“Literary detective work” aptly describes English literature scholarship.  We pick up clues and chase down leads to meet the demands of scholarly yet personally engaged interpretation.  We will develop methods of reading sufficiently diverse to read, credibly and richly, a range of literary texts from Susan Howe to Beowulf.  Theoretical interpretation will be informed by cognitive poetics.  Writing centered.  Enrollment limited to 12.  Prerequisite: ENGL 0930 or any 1000-level nonfiction writing course. S/NC.

 

ENGL1140B The Public Intellectual  CRN:25005
M Hour (Mon. 3-5:30 pm)

Catherine Imbriglio
This course offers advanced writers an opportunity to practice sophisticated, engaged critical writing in academic, personal, and civic modes. Emphasis will be on writing "public" essays (general audience essays that do intellectual work or academic essays that address public topics), ideally in fluid, "hybrid," audience-appropriate forms. Areas of investigation will include (but are not limited to) the review essay, the cultural analysis essay, literary documentary, and the extended persuasive/analytic essay. It will include some brief "touchstone" investigations into rhetorical theory, with the aim of helping to broaden our concepts of audience, analyze the constitutive and imaginative effects of language, increase the real-world effectiveness of our own language practices, and situate our writing within current political, cultural, aesthetic and intellectual debates. Students must have sophomore standing or higher in order to be admitted to the class. A writing sample will be administered on the first day of class. Prerequisite: ENGL 0930, 1030, or 1050. Class list will be reduced to 12 after writing samples are reviewed during the first week of classes. Preference will be given to English concentrators. Banner registrations after classes begin require instructor approval. S/NC.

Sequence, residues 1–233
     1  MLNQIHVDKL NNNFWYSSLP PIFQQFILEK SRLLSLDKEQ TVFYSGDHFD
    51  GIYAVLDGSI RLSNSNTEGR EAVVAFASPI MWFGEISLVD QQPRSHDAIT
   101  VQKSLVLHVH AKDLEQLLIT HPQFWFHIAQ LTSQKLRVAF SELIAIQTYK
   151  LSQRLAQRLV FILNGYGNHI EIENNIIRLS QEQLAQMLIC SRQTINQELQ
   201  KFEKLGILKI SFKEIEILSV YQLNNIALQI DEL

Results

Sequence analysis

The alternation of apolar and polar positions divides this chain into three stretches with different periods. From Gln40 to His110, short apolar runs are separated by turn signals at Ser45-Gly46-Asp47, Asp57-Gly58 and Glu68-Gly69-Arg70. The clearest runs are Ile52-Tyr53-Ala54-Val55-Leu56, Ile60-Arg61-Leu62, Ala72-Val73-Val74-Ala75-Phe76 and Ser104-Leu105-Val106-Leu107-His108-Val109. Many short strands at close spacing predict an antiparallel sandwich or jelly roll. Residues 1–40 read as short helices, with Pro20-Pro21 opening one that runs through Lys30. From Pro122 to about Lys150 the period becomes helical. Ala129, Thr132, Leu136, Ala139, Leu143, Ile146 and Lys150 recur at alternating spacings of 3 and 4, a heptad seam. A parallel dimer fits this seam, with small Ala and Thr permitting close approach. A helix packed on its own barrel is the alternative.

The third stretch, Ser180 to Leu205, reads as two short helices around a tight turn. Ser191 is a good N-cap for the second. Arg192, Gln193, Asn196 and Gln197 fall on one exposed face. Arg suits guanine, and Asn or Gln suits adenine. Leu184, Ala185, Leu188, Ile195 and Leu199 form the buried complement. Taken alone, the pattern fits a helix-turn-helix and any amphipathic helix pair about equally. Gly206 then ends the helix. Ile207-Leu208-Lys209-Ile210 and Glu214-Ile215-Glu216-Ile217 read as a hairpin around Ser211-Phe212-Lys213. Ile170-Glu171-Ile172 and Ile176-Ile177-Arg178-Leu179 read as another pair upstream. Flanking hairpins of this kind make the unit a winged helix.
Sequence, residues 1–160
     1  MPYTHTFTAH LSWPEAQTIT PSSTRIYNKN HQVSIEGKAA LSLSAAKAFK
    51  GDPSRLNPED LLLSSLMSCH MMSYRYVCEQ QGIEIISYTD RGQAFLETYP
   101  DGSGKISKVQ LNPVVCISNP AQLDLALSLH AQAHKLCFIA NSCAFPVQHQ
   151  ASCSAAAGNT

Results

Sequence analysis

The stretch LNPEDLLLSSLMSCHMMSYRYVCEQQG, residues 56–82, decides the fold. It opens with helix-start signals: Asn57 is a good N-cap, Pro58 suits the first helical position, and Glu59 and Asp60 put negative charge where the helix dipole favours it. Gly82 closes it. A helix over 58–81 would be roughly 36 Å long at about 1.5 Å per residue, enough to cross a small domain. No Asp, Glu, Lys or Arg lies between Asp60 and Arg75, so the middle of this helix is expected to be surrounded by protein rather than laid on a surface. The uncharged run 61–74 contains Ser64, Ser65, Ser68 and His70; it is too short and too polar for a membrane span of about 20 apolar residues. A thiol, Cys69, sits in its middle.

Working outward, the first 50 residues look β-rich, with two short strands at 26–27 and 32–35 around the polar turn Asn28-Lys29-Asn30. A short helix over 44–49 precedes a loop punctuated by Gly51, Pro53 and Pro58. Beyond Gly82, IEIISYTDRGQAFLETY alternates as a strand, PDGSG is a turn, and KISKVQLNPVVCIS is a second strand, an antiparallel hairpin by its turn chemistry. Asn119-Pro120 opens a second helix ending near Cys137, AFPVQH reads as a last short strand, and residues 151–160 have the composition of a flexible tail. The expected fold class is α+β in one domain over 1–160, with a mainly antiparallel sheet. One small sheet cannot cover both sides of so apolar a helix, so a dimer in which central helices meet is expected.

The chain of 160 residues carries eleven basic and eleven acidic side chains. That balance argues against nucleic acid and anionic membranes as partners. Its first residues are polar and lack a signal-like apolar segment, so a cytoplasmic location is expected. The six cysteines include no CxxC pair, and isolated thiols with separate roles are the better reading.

ENGL 1160  SPECIAL TOPICS IN JOURNALISM

For advanced writers. Class lists will be reduced after writing samples are reviewed during the first week of classes. Preference will be given to English concentrators. Enrollment limited to 12 or 17, depending on section. S/NC.

ENGL1160F  Reporting Crime and Justice  CRN:24522
O Hour (Fri. 3-5:30 pm)
Tracy Breton
Crime and justice stories are people stories. The drama of everyday life is played out every day in courtrooms. This advanced journalism course will get students into the courtrooms, case files and archives of Rhode Island's judicial system and into committee hearings at the State House where they will report on stories that incorporate drama, tension, and narrative storytelling. Prerequisite: ENGL1050G, ENGL1050H or ENGL1160A (Advanced Feature Writing). Enrollment limited to 17. Instructor permission required. Preference will be given to English concentrators. S/NC.

ENGL 1180  SPECIAL TOPICS IN CREATIVE NONFICTION

For the advanced writer. A writing sample will be administered on the first day of class. Class list will be reduced to 17 after writing samples are reviewed. Prerequisite: ENGL0930 or any 1000-level nonfiction writing course. Preference will be given to English concentrators. Banner registrations after classes begin require instructor approval. S/NC.

ENGL1180B  Digital Nonfiction  CRN:24523
I Hour (T/Th 10:30-11:50 am)
Michael Stewart
Digital Nonfiction is an opportunity to explore the fundamental differences between print and digital narratives. Focusing on three short assignments and one longer project, this class encourages students to learn by doing. Additionally, students develop their digital fluency by exploring a variety of platforms and readings. Digital Nonfiction is an advanced creative nonfiction class that requires ENGL 0930 or any 1000-level nonfiction writing course. Enrollment is limited to 17. Instructor permission required. S/NC.

 

ENGL1180G  Lyricism and Lucidity  CRN:24524
C Hour (MWF 10-10:50 am)
Catherine Imbriglio
For the advanced writer. This course will explore two subsets of the personal essay that blur or cross boundary lines--the lyric essay and the photographic essay-- in both traditional and experimental formats. Writing sample required. Prerequisite: ENGL 0930 or any 1000-level nonfiction writing course. Not open to first year students. Class list will be reduced to 17 after writing samples are reviewed during the first week of classes. Preference will be given to English concentrators. Banner registrations after classes begin require instructor approval. S/NC.